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Conscious Eating in the New Year, by Jordan Rubin

Jordan Rubin

Now that we’re one month into the New Year, many people are struggling to hold onto their health resolutions. Let’s take a moment and refresh ourselves with conscious eating tips that will help keep us aware of what we are eating and why. Young children, under the age of 5, instinctively eat when they are hungry and stop when they are full. Though we typically lose this more natural, instinctive way to eating, we can gain it back. There are three easy steps outlined here to make you a more conscious eater.

Pay Attention to Hunger

Many of us eat for reasons other than hunger. We eat because food is there and it looks tasty, we eat so our kid’s unwanted dinner doesn’t go to waste, we eat when we are happy and we eat when we are sad. Overcoming negative emotional eating, and eating (most of the time at least) because we are hungry and stopping when we are full is a learned behavior and one that I believe all of us can learn. However, it does take some effort and more importantly, it takes not beating yourself up for times when you do overeat. Even with our best efforts, all of us will overeat at some point.

Jessica Setnick, MS, RD has her clients conduct the “apple test” prior to eating to determine if they are truly hungry. When a craving starts or you feel like eating but know deep down that you might not be hungry, ask yourself, “Would I eat an apple?” If the answer is yes, then you are indeed hungry. If you would not eat an apple but would eat cookies or other similar food, then you are not hungry. This technique will help you focus in, deliberately pay attention and assess your hunger levels. If you aren’t hungry, the next step is figuring out why you are turning to food. If the answer is boredom, stress, sadness or any other emotional reason, then facing that reason and finding an alternative way to handle it is necessary. Life will throw us curveballs and the trick isn’t to dodge them, but instead face them head on. How we handle these situations is a true test of our character. But with every one we handle well, we grow stronger and more able to take on the next curveball, and maybe even hit it out of the park.

Eat at the Table

Though we make our children sit down and eat at the table, oftentimes we don’t do so ourselves. Instead, we may eat while we are making a meal, or grab more food when we are cleaning up from dinner. When we are practicing mindful eating, however, we make it a point to sit down and eat at the table and pay attention, every time we eat. It is amazing how eating can become such a reaction that we aren’t even aware of what we are doing. Do you recall walking by the office stash of cookies and grabbing a few that you mindlessly chew while talking to a co-worker? Or finishing your 3 year olds pop-tart that they left sitting on the playroom floor? Make it a point to not only assess whether you are hungry or not, but also eat at the table.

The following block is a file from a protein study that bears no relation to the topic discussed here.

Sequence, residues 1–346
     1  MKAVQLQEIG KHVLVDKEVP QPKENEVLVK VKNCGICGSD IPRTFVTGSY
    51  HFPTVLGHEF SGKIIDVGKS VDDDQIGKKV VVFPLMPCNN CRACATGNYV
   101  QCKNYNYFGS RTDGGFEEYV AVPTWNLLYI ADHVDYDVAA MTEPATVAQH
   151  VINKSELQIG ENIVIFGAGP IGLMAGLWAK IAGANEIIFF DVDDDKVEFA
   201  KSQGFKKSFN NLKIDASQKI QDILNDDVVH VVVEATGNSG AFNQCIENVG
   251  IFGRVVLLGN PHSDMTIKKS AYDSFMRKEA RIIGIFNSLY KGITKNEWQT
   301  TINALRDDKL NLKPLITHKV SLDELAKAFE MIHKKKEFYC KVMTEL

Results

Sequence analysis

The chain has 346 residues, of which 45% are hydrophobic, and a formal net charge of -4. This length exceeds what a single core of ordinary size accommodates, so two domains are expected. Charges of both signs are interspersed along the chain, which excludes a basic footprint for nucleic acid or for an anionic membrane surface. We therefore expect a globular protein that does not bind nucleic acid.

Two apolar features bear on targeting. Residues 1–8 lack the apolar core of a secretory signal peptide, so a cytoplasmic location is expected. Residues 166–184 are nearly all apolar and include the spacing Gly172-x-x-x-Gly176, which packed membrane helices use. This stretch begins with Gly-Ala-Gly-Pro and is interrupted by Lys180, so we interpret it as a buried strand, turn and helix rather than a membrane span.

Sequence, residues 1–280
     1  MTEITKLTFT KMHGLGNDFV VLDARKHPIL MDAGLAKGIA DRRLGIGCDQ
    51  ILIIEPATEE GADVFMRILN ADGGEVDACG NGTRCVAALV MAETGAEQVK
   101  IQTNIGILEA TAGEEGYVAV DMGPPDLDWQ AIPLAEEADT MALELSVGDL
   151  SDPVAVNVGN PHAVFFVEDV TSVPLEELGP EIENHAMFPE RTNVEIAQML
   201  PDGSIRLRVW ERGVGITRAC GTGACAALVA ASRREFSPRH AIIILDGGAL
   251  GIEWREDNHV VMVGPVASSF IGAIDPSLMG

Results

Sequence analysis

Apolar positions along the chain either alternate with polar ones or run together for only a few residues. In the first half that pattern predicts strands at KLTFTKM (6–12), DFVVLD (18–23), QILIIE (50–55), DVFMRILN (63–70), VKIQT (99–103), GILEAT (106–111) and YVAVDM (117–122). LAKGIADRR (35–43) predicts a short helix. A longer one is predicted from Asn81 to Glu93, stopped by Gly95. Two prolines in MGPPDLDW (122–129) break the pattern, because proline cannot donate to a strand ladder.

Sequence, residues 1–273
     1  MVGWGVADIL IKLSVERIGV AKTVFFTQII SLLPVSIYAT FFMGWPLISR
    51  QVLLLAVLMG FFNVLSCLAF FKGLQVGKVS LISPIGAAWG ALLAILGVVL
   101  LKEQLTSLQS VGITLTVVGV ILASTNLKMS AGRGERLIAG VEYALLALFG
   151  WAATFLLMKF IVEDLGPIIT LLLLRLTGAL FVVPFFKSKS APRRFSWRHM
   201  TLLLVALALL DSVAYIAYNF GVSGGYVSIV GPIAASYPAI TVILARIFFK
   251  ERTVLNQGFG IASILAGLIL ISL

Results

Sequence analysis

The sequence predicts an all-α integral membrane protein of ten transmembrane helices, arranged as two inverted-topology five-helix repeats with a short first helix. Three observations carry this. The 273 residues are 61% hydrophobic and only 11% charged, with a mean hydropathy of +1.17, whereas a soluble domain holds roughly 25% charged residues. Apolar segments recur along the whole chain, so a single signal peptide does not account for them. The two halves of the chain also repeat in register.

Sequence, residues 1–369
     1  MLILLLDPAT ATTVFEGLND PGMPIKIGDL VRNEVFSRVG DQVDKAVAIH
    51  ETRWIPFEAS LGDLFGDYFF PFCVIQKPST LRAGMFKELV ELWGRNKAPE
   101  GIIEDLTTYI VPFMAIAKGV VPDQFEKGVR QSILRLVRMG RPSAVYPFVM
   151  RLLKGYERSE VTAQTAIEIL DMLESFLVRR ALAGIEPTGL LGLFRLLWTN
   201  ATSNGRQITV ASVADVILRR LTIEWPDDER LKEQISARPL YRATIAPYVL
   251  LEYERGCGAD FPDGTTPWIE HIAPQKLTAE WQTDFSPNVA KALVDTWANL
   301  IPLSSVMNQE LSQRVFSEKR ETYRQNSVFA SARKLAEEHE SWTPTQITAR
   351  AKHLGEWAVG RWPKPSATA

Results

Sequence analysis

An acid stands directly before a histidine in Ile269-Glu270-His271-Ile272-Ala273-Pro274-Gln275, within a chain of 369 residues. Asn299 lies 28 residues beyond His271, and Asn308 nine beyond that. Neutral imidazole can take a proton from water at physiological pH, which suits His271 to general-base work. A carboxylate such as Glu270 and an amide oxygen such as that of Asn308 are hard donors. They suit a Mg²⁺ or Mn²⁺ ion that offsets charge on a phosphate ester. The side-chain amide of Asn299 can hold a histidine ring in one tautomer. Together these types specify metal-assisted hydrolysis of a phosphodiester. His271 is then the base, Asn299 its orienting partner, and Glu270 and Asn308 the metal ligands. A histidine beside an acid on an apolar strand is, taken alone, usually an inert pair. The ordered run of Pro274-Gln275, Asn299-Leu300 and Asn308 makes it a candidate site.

Enjoy the Experience

In addition to figuring out if we are hungry and sitting down to eat, it is important to pay attention to the experience of eating. How does the food taste? What is the texture like? Temperature? Take the time to enjoy the experience rather then watching the evening news while mindlessly snacking on chips or cookies. Many people run out their front door only to run back in again and make sure they turned the stove burners off. If they actively think about what they are doing when they turn off their burners, they are less likely to get in their car and wonder if they have done so. The same is true for eating. If you pay attention and enjoy what you are eating, you are less likely to feel the need to go back for more just to experience the eating process.

Consistently practicing conscious eating will help us reshape our habits and patterns of turning to food to avoid uncomfortable feelings. Now granted, we eat sometimes when we are celebrating birthdays, weddings, parties and the like but, even during these occasions we are less likely to overeat if we are accustomed to the conscious approach to eating.

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Common Makers Diet Jordan Rubin misspellings are Jordan Ruben, Jordan Reuben, Jordon Rubin, Jordon Ruben, or Jordon Reuben